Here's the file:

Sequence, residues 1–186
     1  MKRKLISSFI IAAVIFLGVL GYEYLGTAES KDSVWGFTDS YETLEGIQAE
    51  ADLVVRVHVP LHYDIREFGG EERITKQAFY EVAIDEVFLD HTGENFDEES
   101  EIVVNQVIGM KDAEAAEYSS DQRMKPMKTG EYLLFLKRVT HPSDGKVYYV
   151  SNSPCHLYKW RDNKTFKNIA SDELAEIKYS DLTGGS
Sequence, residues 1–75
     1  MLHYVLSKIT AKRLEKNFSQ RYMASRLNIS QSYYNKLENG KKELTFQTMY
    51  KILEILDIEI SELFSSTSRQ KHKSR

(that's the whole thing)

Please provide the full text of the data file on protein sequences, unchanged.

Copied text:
Sequence, residues 1–186
     1  MKRKLISSFI IAAVIFLGVL GYEYLGTAES KDSVWGFTDS YETLEGIQAE
    51  ADLVVRVHVP LHYDIREFGG EERITKQAFY EVAIDEVFLD HTGENFDEES
   101  EIVVNQVIGM KDAEAAEYSS DQRMKPMKTG EYLLFLKRVT HPSDGKVYYV
   151  SNSPCHLYKW RDNKTFKNIA SDELAEIKYS DLTGGS
Sequence, residues 1–75
     1  MLHYVLSKIT AKRLEKNFSQ RYMASRLNIS QSYYNKLENG KKELTFQTMY
    51  KILEILDIEI SELFSSTSRQ KHKSR